Skip to content

UXL Blog

Creating Successful Leaders

If you’re like many ambitious individuals I know, you work hard and follow that old axiom: “If you want something done right, it’s best to do it yourself.” This, however, is flawed thinking. By taking on everything yourself, you’ll get bogged down and caught up in work that may be ill-suited to your talents (and, perhaps, better suited to others). Instead, it’s better for yourself and your career to delegate.

Delegation isn’t lazy. It’s an essential tool for propelling your career, improving results, developing your personal brand, and keeping your workload under control.

The fact is, there is only a limited amount you can do, no matter how hard you work. Because we are not super-humans, it’s essential that we learn to let go and trust others to take on certain tasks. If you’re a perfectionist, you may be thinking, “How can I possibly entrust others with work that I know I can do better myself?”

For one, you don’t know you can do something “better” unless you let others have a fair shake. Secondly, don’t confuse “better” with “different” (others may take a different approach, and that’s definitely not a bad thing). Third, skillful delegation may take a bit of training at first. You might have to teach someone else how to do a certain task, but that’s part of the process. Share your insights, know-how, and expectations. Make it clear that you’re available to answer any questions or provide feedback.

To Delegate, or Not to Delegate: That is the Question

When faced with a new task, don’t just jump into it right away. Instead, ask yourself, “Would this task be a worthy use of my time?” If you continue to accept projects that don’t align to, or properly utilize, your skills, you’re diluting your brand. Perhaps there is someone else who has the skills to do the task better, or who would be eager to develop skills that the task would involve?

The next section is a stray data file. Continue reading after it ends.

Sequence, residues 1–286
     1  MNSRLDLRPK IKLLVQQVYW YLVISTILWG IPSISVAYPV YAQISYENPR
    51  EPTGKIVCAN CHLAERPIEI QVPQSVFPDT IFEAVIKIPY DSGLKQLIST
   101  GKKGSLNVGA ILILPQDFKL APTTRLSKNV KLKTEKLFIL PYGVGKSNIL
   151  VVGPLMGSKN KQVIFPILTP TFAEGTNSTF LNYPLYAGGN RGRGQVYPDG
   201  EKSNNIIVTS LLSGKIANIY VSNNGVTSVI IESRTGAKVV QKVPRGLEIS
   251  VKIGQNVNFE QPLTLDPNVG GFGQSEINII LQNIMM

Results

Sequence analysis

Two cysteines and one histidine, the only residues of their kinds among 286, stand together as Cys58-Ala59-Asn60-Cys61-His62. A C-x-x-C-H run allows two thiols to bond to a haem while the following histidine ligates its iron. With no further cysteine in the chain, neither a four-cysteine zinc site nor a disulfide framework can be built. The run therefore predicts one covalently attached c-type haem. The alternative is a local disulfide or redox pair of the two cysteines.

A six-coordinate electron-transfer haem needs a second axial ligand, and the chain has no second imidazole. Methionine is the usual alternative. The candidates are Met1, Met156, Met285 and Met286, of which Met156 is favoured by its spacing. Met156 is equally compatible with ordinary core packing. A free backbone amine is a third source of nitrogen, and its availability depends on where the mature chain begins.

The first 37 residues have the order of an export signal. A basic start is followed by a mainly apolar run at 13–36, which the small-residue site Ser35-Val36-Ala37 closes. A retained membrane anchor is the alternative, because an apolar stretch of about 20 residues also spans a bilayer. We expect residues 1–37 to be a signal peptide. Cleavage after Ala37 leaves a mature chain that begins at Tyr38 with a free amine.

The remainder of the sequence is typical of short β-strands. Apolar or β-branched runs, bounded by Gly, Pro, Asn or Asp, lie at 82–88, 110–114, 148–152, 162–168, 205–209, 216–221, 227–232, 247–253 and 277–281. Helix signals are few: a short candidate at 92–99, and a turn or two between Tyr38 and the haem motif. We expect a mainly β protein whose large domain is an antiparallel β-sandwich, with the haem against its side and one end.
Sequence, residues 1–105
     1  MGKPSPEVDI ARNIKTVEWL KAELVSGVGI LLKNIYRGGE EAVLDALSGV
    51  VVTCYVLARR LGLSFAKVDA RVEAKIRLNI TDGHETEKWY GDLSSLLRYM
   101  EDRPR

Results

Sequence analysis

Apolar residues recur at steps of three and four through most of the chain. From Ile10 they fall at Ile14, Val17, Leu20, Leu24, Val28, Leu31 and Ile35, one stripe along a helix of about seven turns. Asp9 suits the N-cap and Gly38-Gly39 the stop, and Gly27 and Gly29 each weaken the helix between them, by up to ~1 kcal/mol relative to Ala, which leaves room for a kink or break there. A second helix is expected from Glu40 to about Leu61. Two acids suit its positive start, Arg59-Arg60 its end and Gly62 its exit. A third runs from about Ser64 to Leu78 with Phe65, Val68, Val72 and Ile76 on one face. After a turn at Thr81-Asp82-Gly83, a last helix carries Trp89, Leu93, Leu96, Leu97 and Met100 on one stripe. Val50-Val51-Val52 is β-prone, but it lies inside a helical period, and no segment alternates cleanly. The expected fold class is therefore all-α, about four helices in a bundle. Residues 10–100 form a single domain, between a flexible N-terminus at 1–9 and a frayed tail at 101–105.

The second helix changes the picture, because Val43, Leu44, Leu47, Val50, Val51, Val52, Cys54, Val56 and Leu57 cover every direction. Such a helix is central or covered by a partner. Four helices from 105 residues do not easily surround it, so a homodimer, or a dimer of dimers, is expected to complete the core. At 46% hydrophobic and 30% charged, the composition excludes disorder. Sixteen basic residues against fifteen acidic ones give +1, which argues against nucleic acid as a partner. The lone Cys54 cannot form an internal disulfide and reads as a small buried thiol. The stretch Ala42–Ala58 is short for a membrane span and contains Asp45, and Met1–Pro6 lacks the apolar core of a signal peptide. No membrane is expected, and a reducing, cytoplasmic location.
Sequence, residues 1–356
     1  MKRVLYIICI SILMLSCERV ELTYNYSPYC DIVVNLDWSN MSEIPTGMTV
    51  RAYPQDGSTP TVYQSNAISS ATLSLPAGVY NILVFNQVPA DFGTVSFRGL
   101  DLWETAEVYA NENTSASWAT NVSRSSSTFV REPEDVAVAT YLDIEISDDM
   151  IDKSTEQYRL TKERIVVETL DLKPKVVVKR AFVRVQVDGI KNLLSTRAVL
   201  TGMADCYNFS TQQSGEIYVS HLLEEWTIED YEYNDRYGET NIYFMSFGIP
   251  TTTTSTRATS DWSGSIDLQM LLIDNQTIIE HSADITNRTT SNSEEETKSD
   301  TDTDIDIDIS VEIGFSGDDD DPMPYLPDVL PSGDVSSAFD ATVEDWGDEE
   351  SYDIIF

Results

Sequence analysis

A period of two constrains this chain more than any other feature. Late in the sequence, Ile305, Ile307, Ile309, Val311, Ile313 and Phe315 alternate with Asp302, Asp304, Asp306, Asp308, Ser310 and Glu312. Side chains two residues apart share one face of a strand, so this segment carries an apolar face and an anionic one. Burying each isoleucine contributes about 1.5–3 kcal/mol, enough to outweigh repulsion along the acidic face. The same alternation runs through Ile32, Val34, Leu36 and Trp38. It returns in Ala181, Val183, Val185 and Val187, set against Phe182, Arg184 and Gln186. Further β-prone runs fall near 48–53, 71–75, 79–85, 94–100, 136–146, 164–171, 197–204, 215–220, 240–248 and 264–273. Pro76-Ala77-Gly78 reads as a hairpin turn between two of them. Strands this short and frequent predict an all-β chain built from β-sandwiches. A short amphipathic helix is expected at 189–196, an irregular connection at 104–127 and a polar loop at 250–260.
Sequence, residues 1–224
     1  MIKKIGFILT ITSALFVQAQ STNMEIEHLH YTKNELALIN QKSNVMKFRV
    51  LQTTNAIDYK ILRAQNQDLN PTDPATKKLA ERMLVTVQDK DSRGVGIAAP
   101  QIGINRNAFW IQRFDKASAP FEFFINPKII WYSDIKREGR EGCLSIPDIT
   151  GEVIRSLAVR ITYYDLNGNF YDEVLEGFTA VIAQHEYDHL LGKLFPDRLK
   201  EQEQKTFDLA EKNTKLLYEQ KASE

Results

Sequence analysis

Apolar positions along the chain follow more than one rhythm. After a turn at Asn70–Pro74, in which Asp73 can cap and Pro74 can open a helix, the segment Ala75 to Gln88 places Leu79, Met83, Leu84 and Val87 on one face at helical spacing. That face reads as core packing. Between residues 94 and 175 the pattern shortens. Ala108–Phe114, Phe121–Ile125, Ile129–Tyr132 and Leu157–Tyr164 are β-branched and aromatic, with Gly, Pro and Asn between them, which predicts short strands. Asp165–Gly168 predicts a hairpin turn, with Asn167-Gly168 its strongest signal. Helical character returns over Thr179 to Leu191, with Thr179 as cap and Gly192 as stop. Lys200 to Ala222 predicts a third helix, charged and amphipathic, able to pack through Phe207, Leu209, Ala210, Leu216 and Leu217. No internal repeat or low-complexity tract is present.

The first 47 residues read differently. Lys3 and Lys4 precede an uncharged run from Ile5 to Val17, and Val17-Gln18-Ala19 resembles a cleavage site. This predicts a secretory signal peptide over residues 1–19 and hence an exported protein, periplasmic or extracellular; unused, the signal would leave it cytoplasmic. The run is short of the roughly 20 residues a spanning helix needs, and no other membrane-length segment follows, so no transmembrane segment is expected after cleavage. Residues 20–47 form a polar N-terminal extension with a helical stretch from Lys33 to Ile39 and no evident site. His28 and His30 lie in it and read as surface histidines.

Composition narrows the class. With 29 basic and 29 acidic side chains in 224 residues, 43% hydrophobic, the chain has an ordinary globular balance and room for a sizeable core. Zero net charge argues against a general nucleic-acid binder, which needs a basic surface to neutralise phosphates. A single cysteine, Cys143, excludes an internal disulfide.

Strategically delegating tasks to others allows you to focus on the tasks that reinforce your most vital skills—those you want to be known for as part of your personal brand. (If you haven’t yet considered what your personal brand is, now is the time to start!)

How to Handle the “Who?”

When considering who to delegate to, take into account the following questions:

  • What are this person’s skills and knowledge?
  • Does this person currently have space in their workload?
  • What is this person’s preferred work style?

Once you have decided on the best candidate, don’t forget to document the process. When practicing delegation, it’s extremely important to keep track of your processes to save time in the future and develop best practices that promote clarity and efficiency. Just as you, say, develop practices for hosting a BBQ—send the invites, clean the house and yard, prep the food, etc.—creating processes for sharing tasks at work will cut down on confusion and clutter, and will save you time in the long run.

Your Challenge:

Next time you’re feeling overwhelmed by your workload, fight the urge to dive headfirst into your pile of tasks. Instead, assess these projects and consider whether or not some can be delegated to another member of your team instead.

Do you have any helpful tips for delegating effectively? Please share!

Tags: , , , , , ,

%d bloggers like this: